MR. GIBBS: No, I think the invitation -- that went out previously -- we hope is accepted because the conference is intended to -- the conference is intended to bring about Afghanistan's neighbors in that troubled region of the world. And obviously Iran is one of those neighbors and we believe, if it wants to, can work constructively with the international community to help the country of Afghanistan.
But again, I think it's important that the President wanted to deliver this unique message directly to the people and to the leaders, to understand that there's a rightful place in the community of nations with -- that there's a rightful place in that community without terror or arms or violence, and that through peaceful actions the two countries can work together toward their mutual ends.
Q: Doesn't the fact that the CBO projects an additional $2.3 trillion long-term deficit negate the fact that the President is talking about being able to cut $2 trillion? I mean, it's basically, there it went and now here's another $300 billion.
MR. GIBBS: I have not seen the final report -- and I know Director Orszag will have a call, not long after this and he'll have a better sense of some of the numbers in terms of the savings. But I think, again, the numbers that you're talking about in many ways accumulate, again, farther down the road based on a change in their assumption about long-term economic growth.
But the President remains confident that he has put forward a budget that meets the critical investments that he thinks America must be making in order to move past the bubble-and-bust economic era into some sustained economic growth, while cutting that deficit in half in four years. The President remains confident that he can do so.
Q: What would your message to the American people be when they hear about the CBO projecting this much larger deficit, $400 billion additional this year, $400 billion next year? Do you think their numbers are -- I know you cited other numbers that are more optimistic in terms of growth. Do you think -- do you reject the CBO numbers?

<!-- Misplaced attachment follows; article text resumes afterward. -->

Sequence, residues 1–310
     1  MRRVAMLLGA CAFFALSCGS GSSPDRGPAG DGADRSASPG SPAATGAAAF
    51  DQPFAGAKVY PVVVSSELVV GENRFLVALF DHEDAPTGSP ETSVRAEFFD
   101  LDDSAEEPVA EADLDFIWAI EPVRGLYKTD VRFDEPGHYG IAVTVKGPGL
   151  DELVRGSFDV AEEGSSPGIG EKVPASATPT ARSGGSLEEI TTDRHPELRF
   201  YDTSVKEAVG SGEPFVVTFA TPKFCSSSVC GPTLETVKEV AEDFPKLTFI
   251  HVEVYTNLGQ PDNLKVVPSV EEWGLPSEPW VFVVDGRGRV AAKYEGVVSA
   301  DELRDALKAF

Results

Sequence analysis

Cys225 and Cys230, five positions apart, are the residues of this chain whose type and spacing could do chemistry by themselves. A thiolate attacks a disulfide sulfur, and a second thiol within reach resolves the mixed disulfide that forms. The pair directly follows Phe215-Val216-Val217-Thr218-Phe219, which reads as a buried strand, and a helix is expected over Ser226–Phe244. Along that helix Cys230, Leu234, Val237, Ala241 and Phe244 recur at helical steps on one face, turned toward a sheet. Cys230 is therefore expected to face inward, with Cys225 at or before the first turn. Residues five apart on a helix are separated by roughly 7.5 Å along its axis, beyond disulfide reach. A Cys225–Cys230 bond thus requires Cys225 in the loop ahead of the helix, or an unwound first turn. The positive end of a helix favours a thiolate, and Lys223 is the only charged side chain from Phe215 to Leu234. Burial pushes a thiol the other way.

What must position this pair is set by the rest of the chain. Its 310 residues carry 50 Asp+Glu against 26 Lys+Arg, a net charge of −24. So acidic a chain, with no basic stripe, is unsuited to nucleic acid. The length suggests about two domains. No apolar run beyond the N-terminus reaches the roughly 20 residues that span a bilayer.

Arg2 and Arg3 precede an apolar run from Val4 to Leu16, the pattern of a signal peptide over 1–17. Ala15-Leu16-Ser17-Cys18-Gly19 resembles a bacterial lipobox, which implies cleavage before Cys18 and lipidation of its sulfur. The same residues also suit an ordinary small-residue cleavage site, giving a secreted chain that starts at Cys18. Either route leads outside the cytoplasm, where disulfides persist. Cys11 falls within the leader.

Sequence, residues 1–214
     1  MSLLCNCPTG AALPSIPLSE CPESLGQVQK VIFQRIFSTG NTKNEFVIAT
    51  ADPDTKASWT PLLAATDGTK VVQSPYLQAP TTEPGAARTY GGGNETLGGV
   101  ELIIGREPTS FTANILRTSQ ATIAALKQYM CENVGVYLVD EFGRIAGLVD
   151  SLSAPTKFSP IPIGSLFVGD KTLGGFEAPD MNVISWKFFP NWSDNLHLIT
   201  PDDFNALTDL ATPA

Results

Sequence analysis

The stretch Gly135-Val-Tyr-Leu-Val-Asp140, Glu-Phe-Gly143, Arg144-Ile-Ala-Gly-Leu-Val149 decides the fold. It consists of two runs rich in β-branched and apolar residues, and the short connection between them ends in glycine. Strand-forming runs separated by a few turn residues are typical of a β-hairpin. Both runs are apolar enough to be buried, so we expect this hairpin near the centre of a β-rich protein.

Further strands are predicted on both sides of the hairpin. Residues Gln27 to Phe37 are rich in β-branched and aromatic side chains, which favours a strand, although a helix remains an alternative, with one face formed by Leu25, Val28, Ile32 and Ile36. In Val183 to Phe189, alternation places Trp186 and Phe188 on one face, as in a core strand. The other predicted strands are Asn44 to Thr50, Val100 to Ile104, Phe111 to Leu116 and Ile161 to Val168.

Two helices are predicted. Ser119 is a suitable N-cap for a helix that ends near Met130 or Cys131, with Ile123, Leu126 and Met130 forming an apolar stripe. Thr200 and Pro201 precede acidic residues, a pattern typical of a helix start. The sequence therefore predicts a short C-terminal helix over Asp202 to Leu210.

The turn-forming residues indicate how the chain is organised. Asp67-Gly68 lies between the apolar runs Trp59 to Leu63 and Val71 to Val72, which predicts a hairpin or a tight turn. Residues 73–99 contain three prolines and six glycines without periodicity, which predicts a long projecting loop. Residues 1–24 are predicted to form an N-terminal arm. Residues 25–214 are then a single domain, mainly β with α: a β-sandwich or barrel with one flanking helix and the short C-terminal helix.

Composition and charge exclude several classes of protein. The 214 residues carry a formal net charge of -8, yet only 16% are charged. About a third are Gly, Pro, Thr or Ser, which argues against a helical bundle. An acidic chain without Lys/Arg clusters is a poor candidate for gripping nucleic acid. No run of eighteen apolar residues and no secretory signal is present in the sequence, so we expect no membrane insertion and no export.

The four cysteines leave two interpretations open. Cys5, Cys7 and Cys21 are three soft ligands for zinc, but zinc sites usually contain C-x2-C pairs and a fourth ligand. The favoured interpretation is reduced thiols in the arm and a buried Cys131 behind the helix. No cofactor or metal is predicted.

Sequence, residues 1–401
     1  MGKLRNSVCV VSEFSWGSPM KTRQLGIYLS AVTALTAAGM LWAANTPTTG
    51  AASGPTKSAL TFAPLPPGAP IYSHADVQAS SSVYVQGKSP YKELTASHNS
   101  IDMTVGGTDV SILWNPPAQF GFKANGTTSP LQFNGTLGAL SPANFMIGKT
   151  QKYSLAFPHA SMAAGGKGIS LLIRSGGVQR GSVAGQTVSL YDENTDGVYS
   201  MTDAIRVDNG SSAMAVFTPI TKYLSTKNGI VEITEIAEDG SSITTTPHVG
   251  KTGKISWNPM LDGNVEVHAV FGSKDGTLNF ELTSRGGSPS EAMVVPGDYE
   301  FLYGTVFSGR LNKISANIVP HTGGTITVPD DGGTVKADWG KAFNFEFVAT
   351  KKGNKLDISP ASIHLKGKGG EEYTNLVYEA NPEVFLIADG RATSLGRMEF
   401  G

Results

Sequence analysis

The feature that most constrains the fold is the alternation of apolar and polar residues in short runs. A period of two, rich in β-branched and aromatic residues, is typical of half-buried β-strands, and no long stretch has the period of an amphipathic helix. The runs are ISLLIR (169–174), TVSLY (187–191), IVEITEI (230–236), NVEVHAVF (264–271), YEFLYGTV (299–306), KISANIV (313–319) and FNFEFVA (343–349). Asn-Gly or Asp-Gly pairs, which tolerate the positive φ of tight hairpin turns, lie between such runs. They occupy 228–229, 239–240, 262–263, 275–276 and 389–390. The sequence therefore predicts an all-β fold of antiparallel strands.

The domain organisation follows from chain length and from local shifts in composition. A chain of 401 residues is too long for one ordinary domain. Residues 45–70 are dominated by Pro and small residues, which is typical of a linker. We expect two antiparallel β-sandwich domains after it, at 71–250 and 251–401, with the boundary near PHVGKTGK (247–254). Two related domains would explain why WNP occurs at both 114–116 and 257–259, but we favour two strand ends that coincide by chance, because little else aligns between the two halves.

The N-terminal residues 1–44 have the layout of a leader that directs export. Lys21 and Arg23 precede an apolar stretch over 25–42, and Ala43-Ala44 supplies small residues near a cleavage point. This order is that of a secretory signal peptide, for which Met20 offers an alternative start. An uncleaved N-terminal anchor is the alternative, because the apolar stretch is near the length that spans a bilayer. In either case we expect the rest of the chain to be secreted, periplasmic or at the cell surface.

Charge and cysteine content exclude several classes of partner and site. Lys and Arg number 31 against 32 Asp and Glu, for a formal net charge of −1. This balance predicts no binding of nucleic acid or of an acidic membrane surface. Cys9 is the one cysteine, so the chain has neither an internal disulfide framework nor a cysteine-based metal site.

MR. GIBBS: No, no, I think -- again, I think there are a series of numbers, opinions that range, as I said -- in terms of economic growth, from the Fed to Blue Chip indicators, growth forecasts, to the federal government and to the Congressional Budget Office.
Look, I think what the American people should understand is that for quite some time we have -- we've had budget deficits and an accumulation of budget debt that the President believes is unsustainable; that his budget takes actions to cut the deficit in half in just four years; and believes that the steps that his administration is taking, as it relates to recovery and financial stability, will put us, as well as the investments in the budget, will put us on a more robust and sustained path towards that economic growth that will help the deficit in many of those out years.
Obviously it is exceedingly hard to project seven or 10 years into the future. But the President remains confident that the forecast, though, demonstrates that he can cut the budget deficit in half by the end of his first term.
Q: Robert, every time when the President talks about health care or education, he always frames it as part of -- being part of the economy and the economic recovery and investment in the future. What does he actually mean by that -- I mean, in terms of, you know, the actual amount of dollars that this will, you know, present to turning the economy around?
MR. GIBBS: Well, I mean, obviously a business's ability to grow is impacted by their health care bill. And a business's ability to grow is impacted by the growth rate in their health care spending. A business's ability to grow is in many ways dependent upon having a work force that is well trained and well educated in order to do the jobs of the future that the President hopes to create. And obviously on energy independence, we all understand what $4-a-gallon gasoline can do to stifle the economic growth of a small business, a large business, or impede the budget of a family of four.
There's no doubt that the budget and the investments contained in the President's budgets are inextricably linked to our long-term economic growth. We cannot sustain the jobs of the future that help us compete on a global economic stage with countries throughout the world unless we bring our health care costs under control; unless we educate our children for a 21st-century global economy; and if we don't get ourselves out of a cycle of dependence on foreign fuel sources -- that all of those play a huge part in our ability to govern our own path for economic growth.
Q: On Iran, is the videotape sort of the beginning of what this administration hopes will be an ongoing dialogue, and sort of the next step is perhaps a face-to-face meeting -- high-level?
MR. GIBBS: Well, let me -- I mean, I think without getting into what next, obviously there's an evaluation overall of our policy as it relates to Iran. But the President believes that today marked an appropriate time with which to seek a different relationship with a country, if that country is willing to accept responsibilities to become part of a greater community of nations.
Q: But there's a not step two on paper at this point.
MR. GIBBS: Well, there is, but -- and there are many more, but none of which I'm going to get into today.